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Tailoring Robot Actions to Task Contexts using Action Models (bibtex)
  author = {Stulp, Freek},
  title = {Tailoring Robot Actions to Task Contexts using Action Models},
  school = {Technische Universität München},
  year = {2007},
  abstract = {In motor control, high-level goals must be expressed in terms of low-level
	motor commands. An effective approach to bridge this gap, widespread
	in both nature and robotics, is to acquire a set of temporally extended
	actions, each designed for specific goals and task contexts. An action
	selection module then selects the appropriate action in a given situation.
	In this approach, high-level goals are mapped to actions, and actions
	produce streams of motor commands. The first mapping is often ambiguous,
	as several actions or action parameterizations can achieve the same
	goal. Instead of choosing an arbitrary action or parameterization,
	the robot should select those that best fulfill some pre-specified
	requirement, such as minimal execution duration, successful execution,
	or coordination of actions with others. The key to being able to
	perform this selection lies in prediction. By predicting the performance
	of different actions and action parameterizations, the robot can
	also predict which of them best meets the requirement. Action models,
	which have many similarities with human forward models, enable robots
	to make such predictions. In this dissertation, we introduce a computational
	model for the acquisition and application of action models. Robots
	first learn action models from observed experience, and then use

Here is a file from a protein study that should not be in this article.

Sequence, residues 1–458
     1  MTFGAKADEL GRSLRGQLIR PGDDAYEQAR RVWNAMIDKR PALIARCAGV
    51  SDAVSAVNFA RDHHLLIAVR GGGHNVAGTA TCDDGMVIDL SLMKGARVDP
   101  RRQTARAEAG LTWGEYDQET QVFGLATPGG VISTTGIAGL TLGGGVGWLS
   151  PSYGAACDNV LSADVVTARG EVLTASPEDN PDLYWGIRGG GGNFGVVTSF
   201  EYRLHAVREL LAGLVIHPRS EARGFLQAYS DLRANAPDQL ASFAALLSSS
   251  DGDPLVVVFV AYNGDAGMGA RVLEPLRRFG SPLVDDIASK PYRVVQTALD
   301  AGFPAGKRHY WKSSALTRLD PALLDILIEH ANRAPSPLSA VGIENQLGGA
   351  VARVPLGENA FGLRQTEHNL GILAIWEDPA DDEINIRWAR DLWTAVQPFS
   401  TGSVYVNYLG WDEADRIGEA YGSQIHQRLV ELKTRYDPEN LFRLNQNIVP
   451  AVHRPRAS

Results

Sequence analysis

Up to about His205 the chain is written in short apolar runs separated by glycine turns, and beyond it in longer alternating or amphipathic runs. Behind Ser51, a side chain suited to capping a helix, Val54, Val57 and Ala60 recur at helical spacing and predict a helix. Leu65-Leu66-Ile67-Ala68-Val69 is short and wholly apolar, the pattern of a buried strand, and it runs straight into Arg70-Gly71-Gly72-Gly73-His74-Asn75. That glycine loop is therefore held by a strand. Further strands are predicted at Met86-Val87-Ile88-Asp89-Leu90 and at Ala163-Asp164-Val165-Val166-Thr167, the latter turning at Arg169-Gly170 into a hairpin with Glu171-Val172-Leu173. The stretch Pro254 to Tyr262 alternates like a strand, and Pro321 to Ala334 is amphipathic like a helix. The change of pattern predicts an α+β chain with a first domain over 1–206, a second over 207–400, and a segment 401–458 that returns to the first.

them to optimize their performance with the following methods: 1)
	{\textbackslash}{emphSubgoal} refinement, which enables robots to
	optimize actions in action sequences by predicting which action parameterization
	leads to the best performance. 2) {\textbackslash}{emphCondition}
	refinement and {\textbackslash}emphsubgoal assertion, with which
	robots can adapt existing actions to novel task contexts and goals
	by predicting when action execution will fail. 3) {\textbackslash}{emphImplicit}
	coordination, in which multiple robots globally coordinate their
	actions, by locally making predictions about the performance of other
	robots. The acquisition and applications of action models have been
	realized and empirically evaluated in three robotic domains: the
	{\textbackslash}pioneer robots of our {RoboCup} mid-size league team,
	a simulated B21 in a kitchen environment, and a {PowerCube} robot
	arm. The main principle behind this approach is that in robot controller
	design, knowledge that robots learn themselves from observed experience
	complements well the abstract knowledge that humans specify.},
  url = {}
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Last edited 29.01.2013 17:37 by Quirin Lohr